With technological advances coming at a dizzying rate, obsolescence is always a danger for any fleet. Frank Bussone forwards the argument that the best way for companies to avoid this problem is to lease their equipment, instead of purchasing it outright, giving them the opportunity to update as needed.
Technological changes are occurring at a dizzying pace. It’s now at the point where it seems like everyday there is some new development that fleet managers have to learn about to determine if it makes sense for their operation.
In many cases, those changes are good, especially the advancements that are making trucks safer or allowing freight to be shipped more efficiently and for less money.
In addition to new products coming into the market in a steady stream, there are lots of technologies looming on the horizon that may change how trucks are powered. I am talking about things like electric, hydrogen-electric, fuel cells, diesel hybrids, etc.
Unfortunately, many of these new developments come with high price tags and it may take longer for a fleet to see a return on its investment from these technologies.
Deciding which of the myriad new technologies to invest in can be a daunting task. It can be especially difficult to make the right choice when it comes to some of the emerging technologies like electric trucks. There will be many cases where certain technologies do not fit an application and therefore should not be utilized.
That said, sitting on the sidelines waiting for a technology to prove itself might not be your best, or smartest, option. If a fleet invests in a technology that allows freight to be hauled more efficiently, it will gain a competitive advantage over a fleet that takes a wait-and-see attitude. But problems can arise if a fleet chooses a technology that ends up having a higher total cost of ownership (TCO) than anticipated or one that does not deliver on its promise.
Because technology is changing so rapidly, technological obsolescence is a big risk, especially for fleets that tend to keep their trucks for longer periods of time. The Business Dictionary defines technology obsolescence this way: “When a technical product or service is no longer needed or wanted even though it could still be in working order. Technological obsolescence generally occurs when a new product has been created to replace an older version.”
Fleets are stuck between the proverbial rock and a hard place when it comes to investing in technology. Invest too soon and they risk a poor ROI; wait too long and they run the risk of operating vehicles with obsolete technology which will render them inefficient.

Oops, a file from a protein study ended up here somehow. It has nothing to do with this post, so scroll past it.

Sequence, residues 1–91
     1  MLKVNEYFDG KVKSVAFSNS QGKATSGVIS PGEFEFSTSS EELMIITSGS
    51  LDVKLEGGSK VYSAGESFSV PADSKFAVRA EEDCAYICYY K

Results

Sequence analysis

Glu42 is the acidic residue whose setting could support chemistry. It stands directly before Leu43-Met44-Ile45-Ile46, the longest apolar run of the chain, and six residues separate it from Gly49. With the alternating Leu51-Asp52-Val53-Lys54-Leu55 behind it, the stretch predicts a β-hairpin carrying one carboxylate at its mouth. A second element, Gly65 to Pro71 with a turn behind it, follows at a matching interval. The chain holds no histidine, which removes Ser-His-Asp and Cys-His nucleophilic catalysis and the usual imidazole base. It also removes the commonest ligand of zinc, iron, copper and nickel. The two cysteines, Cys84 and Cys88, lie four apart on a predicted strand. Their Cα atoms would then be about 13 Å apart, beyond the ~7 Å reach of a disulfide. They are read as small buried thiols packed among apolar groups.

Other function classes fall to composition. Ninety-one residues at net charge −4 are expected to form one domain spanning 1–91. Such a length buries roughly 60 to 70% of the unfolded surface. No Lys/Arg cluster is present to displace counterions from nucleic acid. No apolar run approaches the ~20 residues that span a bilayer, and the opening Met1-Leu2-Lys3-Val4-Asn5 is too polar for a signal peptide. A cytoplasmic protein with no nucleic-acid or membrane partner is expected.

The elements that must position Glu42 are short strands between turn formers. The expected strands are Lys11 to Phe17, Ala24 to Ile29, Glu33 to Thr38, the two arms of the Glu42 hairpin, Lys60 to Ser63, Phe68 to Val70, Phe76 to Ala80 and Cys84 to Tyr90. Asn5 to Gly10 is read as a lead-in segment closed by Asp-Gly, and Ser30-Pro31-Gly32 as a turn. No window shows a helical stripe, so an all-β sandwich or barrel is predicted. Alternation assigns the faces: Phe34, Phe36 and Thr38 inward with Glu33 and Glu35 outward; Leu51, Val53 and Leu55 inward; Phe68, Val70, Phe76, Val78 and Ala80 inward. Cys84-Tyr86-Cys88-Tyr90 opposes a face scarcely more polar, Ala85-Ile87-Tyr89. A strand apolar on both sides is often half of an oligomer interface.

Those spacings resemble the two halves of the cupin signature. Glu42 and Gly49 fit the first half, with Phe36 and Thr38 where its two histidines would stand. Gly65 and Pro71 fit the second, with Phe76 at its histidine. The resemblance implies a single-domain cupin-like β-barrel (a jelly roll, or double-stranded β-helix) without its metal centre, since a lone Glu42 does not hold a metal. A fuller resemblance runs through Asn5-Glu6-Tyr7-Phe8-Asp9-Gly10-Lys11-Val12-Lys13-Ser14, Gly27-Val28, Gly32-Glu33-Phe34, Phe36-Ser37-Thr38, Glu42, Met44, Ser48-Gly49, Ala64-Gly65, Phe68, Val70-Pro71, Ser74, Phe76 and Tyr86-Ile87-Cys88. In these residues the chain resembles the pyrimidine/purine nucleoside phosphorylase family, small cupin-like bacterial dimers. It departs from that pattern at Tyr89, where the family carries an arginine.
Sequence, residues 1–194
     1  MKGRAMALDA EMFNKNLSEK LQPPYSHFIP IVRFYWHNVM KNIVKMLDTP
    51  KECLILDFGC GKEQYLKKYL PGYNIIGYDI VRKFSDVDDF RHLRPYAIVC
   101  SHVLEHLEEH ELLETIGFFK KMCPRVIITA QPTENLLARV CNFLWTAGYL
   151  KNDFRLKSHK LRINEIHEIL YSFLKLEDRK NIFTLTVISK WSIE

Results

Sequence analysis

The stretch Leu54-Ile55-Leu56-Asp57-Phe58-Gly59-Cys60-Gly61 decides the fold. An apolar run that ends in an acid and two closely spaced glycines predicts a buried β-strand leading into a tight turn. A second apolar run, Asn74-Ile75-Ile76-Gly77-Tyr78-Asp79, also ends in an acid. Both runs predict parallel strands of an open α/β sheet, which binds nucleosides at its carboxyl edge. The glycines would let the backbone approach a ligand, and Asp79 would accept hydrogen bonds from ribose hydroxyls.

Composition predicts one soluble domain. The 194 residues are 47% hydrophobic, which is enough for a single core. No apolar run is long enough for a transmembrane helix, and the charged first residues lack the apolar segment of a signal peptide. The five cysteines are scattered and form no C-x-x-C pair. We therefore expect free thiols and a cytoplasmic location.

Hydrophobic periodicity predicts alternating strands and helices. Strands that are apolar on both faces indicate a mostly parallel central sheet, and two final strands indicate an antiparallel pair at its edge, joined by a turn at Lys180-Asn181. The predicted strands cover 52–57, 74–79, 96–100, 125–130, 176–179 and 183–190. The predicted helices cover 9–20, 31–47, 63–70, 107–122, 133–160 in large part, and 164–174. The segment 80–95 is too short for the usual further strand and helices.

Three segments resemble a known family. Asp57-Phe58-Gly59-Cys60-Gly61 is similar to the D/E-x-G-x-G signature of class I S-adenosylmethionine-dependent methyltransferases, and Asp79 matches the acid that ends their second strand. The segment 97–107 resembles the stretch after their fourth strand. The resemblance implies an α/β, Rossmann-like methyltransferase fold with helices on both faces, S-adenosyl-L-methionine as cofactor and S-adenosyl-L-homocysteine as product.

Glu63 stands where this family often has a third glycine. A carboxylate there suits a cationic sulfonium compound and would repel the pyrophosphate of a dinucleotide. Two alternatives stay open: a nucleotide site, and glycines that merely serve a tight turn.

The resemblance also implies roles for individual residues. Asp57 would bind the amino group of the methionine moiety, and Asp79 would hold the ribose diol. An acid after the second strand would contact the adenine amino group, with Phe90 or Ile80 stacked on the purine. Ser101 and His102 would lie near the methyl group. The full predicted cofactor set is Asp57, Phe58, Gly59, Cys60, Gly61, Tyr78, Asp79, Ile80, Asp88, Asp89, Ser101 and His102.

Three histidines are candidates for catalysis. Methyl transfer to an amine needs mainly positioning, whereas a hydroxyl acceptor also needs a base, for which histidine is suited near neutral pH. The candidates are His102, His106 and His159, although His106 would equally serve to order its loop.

One way for fleets to best leverage technology is to consider leasing. When it comes to technology, leasing allows fleet managers to dip their toes into a technology by “test driving” it on a few vehicles at a time to see how that technology performs and how well accepted it is by drivers and technicians. If the technology proves itself in that duty cycle, the fleet can go all-in and spec it on all the vehicles it orders in the future.
However, the fleet has to make sure to find the right leasing partner, one that takes a consultative approach to specifications, fleet planning and optimization. A leasing company that offers flexible financing is a good choice in an industry that is undergoing significant technological changes. What the fleet is looking for is to manage the assets and the costs associated with them in order to keep them operating at the lowest cost of ownership. It means moving assets in-and-out of operation at just the right time in order to avoid technological or economic obsolescence.
When a fleet leases with a firm that offers flexible financing, it can review asset performance before the end of the lease term to determine whether to run that asset for the entire term of the original lease, exit the lease early or hang on to the equipment for longer than the original lease period.
This type of flexibility positions fleets to adapt to market changes while keeping TCO in mind. In some cases, a new technology may come out that is so superior to prior technology that the fleet would be wise to get into it as soon as possible. In other cases the next iteration of a technology may be six to 12 months on the horizon so waiting makes sense.
Leasing allows fleets to maximize their investments in technology and avoid technological and economic obsolescence by positioning them to be nimble in the market.